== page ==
Christopher Knaus August 06, 2012
The territory's new after-hours bail service has helped to keep 21 underage offenders out of youth detention in its first six months, as part of government efforts to stop young Canberrans turning into recidivist criminals.
The service, set up last November, is designed to prevent young offenders from being remanded into the Bimberi Youth Justice Centre, by giving them better opportunity to make the arrangements necessary for bail. The service runs late at night and into the early hours of the morning, and has dealt with 270 matters involving 84 individuals since its inception.
The government will release today an internal review of the service, which shows a 17 per cent reduction in short-term remand at Bimberi compared to the previous year.
Community Services Minister Joy Burch said that meant young offenders were less likely to become trapped in a cycle of recidivism.
''All the evidence confirms that reducing the time held in detention and reducing the interface between young people and youth justice has a better outcome for those kids over the longer term,'' Ms Burch said.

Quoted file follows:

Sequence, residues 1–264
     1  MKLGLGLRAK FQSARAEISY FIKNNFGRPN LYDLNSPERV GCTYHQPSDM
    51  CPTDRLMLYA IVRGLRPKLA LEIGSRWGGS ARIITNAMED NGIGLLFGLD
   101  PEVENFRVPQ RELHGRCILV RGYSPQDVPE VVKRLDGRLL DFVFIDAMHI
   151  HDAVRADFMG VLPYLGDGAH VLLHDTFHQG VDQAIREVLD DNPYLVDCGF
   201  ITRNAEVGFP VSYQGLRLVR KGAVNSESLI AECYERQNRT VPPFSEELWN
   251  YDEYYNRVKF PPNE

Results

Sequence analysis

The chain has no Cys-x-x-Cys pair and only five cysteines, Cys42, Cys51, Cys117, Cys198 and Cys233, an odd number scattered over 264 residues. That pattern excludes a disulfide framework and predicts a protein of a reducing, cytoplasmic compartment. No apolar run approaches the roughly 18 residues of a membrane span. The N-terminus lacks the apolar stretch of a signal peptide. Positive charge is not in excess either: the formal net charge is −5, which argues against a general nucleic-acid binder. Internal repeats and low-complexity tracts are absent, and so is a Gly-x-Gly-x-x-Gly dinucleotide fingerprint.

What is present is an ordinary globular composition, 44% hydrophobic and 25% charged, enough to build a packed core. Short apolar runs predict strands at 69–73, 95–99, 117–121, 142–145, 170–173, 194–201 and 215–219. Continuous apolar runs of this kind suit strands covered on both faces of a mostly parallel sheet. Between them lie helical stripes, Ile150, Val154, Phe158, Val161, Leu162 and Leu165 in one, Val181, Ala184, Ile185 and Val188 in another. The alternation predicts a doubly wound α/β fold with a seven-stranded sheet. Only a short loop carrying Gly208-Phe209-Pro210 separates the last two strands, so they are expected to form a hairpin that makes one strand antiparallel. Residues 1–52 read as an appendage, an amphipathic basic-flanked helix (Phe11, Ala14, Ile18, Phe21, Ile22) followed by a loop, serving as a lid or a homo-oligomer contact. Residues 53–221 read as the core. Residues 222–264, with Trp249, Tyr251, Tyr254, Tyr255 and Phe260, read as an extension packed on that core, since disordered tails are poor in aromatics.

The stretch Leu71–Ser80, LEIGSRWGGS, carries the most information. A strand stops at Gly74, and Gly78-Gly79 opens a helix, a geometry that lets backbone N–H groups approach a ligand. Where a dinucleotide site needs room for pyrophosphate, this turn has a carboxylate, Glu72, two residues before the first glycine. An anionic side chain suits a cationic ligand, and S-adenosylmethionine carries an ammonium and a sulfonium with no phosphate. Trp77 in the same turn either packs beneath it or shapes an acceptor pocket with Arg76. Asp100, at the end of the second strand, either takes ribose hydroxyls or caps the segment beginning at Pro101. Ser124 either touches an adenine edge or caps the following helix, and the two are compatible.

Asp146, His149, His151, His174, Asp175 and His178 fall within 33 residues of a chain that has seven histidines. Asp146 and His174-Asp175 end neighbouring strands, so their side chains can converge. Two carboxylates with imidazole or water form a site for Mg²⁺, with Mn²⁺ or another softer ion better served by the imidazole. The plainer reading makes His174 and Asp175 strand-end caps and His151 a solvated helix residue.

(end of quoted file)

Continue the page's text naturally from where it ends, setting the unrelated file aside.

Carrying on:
''Before this, if a young person had a condition of bail, and it could have been that you had to be home by 10 o'clock or 11 o'clock and you weren't there, then you breached your conditions,'' she said.
''There was no choice but to be held in custody, now that just doesn't make any social policy sense whatsoever.
''What I've heard is that police are very grateful to have this service there.''
The government considered introducing the after-hours bail service before last year's review of the youth justice system by the Human Rights Commission. But the need for such a service was again highlighted by the commission's review.
The government has implemented over half of the more than 200 recommendations made in the review, and Ms Burch said most of the outstanding recommendations were ''not too far away''.
She said the government was just weeks away from releasing their blueprint for the youth justice system, which will set its strategic plan for the next 5-10 years. The Youth Justice Implementation Taskforce, comprising the government and community sectors, has been developing the plan since last year.
Ms Burch said it will focus on diverting those at-risk of offending away from the youth justice system.
''First and foremost it's around diversion away … how do we restore them, how do we give them opportunities through training, through employment?
''So they're given opportunities that we'd want for all of our sons and daughters across Canberra.''
The blueprint is expected to be tabled in the assembly during the August sitting period.
The government will also release a full report into the operation of the after-hours bail service in early September.